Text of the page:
HNC Home Page
News Business Arts & Life Sports Opinion Calendar Archive About Us
ONE TWISTED SISTER: Musician Dee Snider flashes the devil's horns to the crowd at Monster Circus, a rock mecca in Vegas. Click Arts&Life or a link to story. / Photo by Ben Hansen, special contributor

Today's word on journalism

May 8, 2009

The Last WORD

The Fat Lady Sings, Off-Key, Drools

At about this time every year, like the swallows to Capistrano or the buzzards to Hinckley, Ohio, the WORD migrates to its summer musing grounds at the sanitarium —St. Mumbles Home for the Terminally Verbose.

The reason is clear, and never moreso than as this season —the WORD's 13th —peters out.

It's been a fraught year of high palaver and eye-popping transition, both good and not-so-much. An interminable presidential campaign saga finally did end, and in extraordinary and historic fashion. Meanwhile, the bottom and everything that's below the bottom fell out of the economy, with families, homes, entire industries and —of particular interest to WORDsters and the civic-minded —dozens of daily newspapers ("I don't so much mind that newspapers are dying--it's watching them commit suicide that pisses me off." --Molly Ivins). . . all evaporating. What replaces them, from the individual to the institutional to the societal? Are we looking at a future of in-depth Tweeting?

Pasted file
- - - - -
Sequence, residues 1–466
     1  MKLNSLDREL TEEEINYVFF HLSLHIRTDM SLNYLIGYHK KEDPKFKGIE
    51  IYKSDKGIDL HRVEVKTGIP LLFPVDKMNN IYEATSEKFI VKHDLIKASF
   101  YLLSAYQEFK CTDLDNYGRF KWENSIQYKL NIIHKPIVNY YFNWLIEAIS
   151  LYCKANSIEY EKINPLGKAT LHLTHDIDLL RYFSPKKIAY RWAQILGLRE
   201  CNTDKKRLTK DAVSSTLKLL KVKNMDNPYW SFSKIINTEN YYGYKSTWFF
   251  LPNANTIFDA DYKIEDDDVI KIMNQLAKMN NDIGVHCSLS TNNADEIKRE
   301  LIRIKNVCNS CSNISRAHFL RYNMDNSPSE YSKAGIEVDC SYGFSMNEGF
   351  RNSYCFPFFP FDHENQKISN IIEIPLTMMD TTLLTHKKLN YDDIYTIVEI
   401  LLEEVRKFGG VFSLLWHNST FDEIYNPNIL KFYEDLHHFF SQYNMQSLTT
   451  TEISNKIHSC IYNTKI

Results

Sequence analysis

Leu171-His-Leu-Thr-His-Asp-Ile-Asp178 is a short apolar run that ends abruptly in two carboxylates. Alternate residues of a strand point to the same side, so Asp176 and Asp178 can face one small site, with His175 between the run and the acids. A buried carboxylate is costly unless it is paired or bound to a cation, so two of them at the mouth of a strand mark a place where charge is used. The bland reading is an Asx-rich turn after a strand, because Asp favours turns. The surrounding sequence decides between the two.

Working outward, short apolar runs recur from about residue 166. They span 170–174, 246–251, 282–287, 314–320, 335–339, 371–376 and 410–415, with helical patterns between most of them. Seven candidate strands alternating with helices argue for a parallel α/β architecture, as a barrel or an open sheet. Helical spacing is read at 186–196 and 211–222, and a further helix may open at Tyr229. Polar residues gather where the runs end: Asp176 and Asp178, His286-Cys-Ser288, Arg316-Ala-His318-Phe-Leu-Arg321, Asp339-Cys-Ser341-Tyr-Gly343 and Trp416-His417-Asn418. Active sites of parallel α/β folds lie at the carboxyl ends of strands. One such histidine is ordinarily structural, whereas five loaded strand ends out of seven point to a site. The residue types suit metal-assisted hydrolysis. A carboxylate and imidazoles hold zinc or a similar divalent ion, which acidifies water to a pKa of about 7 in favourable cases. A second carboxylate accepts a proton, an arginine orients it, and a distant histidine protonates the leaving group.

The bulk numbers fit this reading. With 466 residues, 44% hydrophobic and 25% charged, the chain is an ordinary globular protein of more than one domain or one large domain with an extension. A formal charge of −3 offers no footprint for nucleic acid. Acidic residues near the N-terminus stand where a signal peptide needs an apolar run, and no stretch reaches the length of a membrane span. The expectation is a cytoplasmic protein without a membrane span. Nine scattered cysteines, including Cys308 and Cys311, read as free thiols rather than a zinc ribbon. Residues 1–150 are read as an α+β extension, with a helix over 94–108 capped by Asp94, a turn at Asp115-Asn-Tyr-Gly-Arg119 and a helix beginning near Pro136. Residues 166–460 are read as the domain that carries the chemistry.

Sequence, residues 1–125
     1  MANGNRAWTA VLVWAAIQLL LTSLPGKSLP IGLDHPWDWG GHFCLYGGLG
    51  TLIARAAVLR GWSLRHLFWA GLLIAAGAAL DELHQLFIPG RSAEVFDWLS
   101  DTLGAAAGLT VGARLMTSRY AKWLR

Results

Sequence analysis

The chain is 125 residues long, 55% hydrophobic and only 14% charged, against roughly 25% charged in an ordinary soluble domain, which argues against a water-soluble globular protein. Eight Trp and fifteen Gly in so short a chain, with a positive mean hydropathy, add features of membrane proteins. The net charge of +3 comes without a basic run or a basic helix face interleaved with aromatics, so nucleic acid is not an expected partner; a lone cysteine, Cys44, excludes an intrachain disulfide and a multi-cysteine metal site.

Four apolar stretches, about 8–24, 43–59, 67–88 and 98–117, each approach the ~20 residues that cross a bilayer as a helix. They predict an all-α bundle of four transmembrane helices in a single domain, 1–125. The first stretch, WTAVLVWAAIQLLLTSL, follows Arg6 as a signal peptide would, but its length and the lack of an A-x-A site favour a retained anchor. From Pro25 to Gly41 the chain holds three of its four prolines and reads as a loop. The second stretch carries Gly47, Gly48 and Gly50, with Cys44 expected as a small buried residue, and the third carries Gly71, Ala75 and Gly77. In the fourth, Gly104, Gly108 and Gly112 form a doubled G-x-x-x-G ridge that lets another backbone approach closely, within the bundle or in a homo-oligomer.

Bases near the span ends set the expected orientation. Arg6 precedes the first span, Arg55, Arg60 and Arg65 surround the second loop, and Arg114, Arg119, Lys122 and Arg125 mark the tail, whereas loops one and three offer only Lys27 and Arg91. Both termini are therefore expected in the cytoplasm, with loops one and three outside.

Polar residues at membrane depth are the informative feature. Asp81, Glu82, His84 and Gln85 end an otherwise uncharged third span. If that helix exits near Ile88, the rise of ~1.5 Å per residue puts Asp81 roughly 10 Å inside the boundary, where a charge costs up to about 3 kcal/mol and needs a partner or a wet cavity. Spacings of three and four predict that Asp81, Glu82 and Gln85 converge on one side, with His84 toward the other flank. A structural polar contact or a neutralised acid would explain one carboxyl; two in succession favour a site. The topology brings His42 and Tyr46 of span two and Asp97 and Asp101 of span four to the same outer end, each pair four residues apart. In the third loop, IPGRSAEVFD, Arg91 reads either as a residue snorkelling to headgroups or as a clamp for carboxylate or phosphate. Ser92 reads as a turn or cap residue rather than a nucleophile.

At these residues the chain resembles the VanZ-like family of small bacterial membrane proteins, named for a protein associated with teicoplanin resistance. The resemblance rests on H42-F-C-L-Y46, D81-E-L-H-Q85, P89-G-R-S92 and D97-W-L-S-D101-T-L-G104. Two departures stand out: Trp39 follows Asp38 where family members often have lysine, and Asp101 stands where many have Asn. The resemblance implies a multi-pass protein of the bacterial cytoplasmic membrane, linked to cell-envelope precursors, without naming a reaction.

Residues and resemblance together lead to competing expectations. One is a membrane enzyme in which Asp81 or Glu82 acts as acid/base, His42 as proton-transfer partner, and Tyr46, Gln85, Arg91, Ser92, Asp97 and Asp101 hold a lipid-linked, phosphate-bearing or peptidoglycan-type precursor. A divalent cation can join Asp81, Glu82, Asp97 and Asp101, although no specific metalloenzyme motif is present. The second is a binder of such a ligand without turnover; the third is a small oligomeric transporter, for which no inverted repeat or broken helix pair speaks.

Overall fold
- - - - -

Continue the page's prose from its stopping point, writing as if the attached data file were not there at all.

As any newsperson or firehorse knows, it's hard to turn your back on day-to-day catastrophe --we just have to look at the car wreck. But even the most deranged and driven need a rest. As philosopher Lilly Tomlin once observed, "No matter how cynical you become, it's never enough to keep up."

So this morning, as a near-frost hovered over northern Utah, the unmarked van pulled into the driveway and the gentle, soft-spoken men in the white coats rolled the WORD out of bed and into a straitjacket for the usual summer trip to St. Mumbles, where the blathering one will be assigned a hammock and fed soothing, healthy foods --like tapioca, dog biscuits and salmon --while recharging the essential muscles of cynicism, outrage, sarcasm, social engagement and high-mindedness, in preparation for the next edition.
Summer well, friends.

Speak up! Comment on the WORD at


Feedback and suggestions--printable and otherwise--always welcome. "There are no false opinions."

Millville woman opens Shih Tzu breeding kennel

By Jessica Allen

March 30, 2009 | MILLVILLE -- After four years of studying and preparation, Rael Thompson is ready to start her own small Shih Tzu breeding program with the goal of producing healthy, high quality, beautiful dogs.

Thompson said in a phone interview that she has loved and owned the breed for 12 years now and has enjoyed their sweet disposition and non-shedding long coats.

Belonging to a breeders group she has learned a lot about breeding from them as they help each other out, she said.

Thompson plans to own up to six Shih Tzus for breeding purposes, two of them being male, though right now she only owns two females and one male that are American Kennel Club registered that she plans on breeding.

"I want to be known for having good quality dogs," Thompson said, and has gone to makes sure that she does just that as she has bought and flown in two of her dogs from breeders in Alabama and South Carolina to ensure good quality breeding lines.